During the day, the woman and the lady of red talked, they talked about many things, about memory, and belief, and hardship. They talked of exhaustion, and though initially the woman was wary of the red lady, she found that by the time they had eaten dinner, she was in love. She wanted the lady of red to stay with her forever, to share her bed and complete her.
She offered the lady her heart, and the lady of red seemed to consider it, before the daughter came home. Like the rest of the children, the daughter was frightened by the lady of red. She hid behind her mother and asked in a terrified whisper if she was going to eat her.
No matter what, the woman could not convince her daughter not to be scared of the lady of red, and finally through tearstained eyes that obliterated her perfectly painted face, she was forced to ask the lady to leave. But the lady smiled, and promised to see her again someday soon, and gave her a gentle kiss on the cheek before she walked out the door.
Finally, after she had been to every house in town, and deemed that none of these places were the home for her yet, the lady of red began to walk out of town, all the adults weeping, and all the children waiting, holding their breath until they were sure she was gone.
But she was not gone.
The lady of red noticed an old man on her way out. He was dressed in clothes that had once been beautiful, and now were shabby with age and use. He sat on the ground, leaning his back against the wall of a building, his white beard hiding his face which was lined with smiles that came both from laughter and from tears, and he nodded to her, inviting her to join him by the small fire he had made.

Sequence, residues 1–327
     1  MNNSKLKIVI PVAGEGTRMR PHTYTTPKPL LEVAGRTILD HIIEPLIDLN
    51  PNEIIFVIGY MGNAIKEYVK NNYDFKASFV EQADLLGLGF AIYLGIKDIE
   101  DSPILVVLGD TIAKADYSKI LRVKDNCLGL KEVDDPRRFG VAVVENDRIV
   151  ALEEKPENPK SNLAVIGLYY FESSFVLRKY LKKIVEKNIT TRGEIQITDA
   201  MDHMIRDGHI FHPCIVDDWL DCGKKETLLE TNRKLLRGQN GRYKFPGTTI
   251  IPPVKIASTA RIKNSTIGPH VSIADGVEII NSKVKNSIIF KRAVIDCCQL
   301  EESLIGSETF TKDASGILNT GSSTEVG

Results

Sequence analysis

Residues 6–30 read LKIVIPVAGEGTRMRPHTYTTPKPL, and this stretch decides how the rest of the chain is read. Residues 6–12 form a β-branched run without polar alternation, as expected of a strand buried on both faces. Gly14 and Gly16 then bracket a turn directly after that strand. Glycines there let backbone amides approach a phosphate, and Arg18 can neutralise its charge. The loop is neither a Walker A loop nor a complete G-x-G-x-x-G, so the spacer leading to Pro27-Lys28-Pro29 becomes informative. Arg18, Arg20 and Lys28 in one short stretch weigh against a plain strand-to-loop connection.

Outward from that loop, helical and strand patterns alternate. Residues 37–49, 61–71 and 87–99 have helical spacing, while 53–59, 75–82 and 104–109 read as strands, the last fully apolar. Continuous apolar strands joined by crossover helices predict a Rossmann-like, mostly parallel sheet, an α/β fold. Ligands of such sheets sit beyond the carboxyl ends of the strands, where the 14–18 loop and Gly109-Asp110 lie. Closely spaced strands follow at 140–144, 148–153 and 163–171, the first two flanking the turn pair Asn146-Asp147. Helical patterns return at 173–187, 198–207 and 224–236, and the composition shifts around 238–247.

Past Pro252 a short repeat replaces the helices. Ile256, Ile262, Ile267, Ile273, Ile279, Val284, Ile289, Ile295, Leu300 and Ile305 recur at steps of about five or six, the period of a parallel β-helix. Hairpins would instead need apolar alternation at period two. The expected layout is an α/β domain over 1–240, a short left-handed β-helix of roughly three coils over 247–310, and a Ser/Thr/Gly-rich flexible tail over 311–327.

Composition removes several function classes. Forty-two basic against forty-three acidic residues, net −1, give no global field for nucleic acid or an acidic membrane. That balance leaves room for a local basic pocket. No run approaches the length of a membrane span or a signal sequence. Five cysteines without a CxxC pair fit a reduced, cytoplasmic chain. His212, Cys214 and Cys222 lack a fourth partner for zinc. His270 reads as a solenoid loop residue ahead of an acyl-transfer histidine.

So the lady of red, who had dined in the wealthiest and most lavish of homes, joined the old man on the dirty cold ground, her scarlet dress not at all dirtied by the grime of the street. She sat beside him, and he smiled through the dense of his white hair.
She asked if he knew who she was, which was not a question that she had asked any of the other adults, and not a question she had needed to ask the children. The old man nodded. He said that he had always known who she was, from the second she had waltzed into town. The lady was surprised by this, and asked him why he was not afraid.
The old man’s eyes were bright with the many years they had seen, and full of the mysteries that we know only at the end of life. He told her that there was nothing for him to be afraid of, and chided her on tricking the townsfolk, of not telling them who she was, but instead dazzling them with smiles and song.
The lady of red was puzzled, and at last admitted that she thought if the people really knew who she was, they would have hated her, and driven her away with all their might.
The old man admitted that yes, perhaps some of them would have hated and feared her, and perhaps some of them would have loved her too much, or wanted to use her, but that was not a reason for her to lie. The old man confided in the lady of red, that he didn’t think anyone had to be afraid of her, nor did they need to love her, but simply accept her as she was, and only invite her in when it was truly the time to do so.
The lady of red found a tear in her pale, moonlight face, and wiped it away with a bone white hand. She kissed the old man on the cheek, his silver hairs tickling her ruby lips, and asked if she could stay the night.
The old man touched the spot where she had kissed him, smiled at her, and told her he would be happy to share his fire with her, and the two leaned in, innocently pleased with one another’s company.
That morning, when the red lady woke, the old man was still there, but he was ghostly. He was standing next to the fire, but he was also still lying next to the lady, cold and still as a stone. The old man who was by the fire smiled again at the red lady of death, and the two of them left the town arm in arm, as she led him to his next destination.